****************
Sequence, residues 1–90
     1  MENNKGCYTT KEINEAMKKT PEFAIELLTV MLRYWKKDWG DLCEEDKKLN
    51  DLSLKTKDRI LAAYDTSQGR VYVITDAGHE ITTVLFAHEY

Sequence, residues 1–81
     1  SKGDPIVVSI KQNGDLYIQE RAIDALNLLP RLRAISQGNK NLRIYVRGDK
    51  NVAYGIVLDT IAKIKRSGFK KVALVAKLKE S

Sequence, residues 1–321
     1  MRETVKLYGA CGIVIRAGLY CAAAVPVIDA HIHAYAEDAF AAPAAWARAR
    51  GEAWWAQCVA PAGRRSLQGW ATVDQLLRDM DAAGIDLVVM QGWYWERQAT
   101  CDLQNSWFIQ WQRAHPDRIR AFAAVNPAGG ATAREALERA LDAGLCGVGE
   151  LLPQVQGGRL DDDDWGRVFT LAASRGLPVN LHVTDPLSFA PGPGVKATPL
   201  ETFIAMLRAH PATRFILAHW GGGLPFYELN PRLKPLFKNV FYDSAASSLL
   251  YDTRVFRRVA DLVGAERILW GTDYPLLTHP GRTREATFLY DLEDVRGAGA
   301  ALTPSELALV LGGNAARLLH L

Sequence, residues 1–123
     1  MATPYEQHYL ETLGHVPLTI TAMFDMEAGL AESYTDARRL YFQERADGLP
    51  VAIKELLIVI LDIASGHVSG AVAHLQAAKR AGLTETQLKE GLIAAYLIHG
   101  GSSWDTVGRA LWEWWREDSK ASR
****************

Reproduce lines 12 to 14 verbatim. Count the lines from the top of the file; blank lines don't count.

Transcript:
   201  ETFIAMLRAH PATRFILAHW GGGLPFYELN PRLKPLFKNV FYDSAASSLL
   251  YDTRVFRRVA DLVGAERILW GTDYPLLTHP GRTREATFLY DLEDVRGAGA
   301  ALTPSELALV LGGNAARLLH L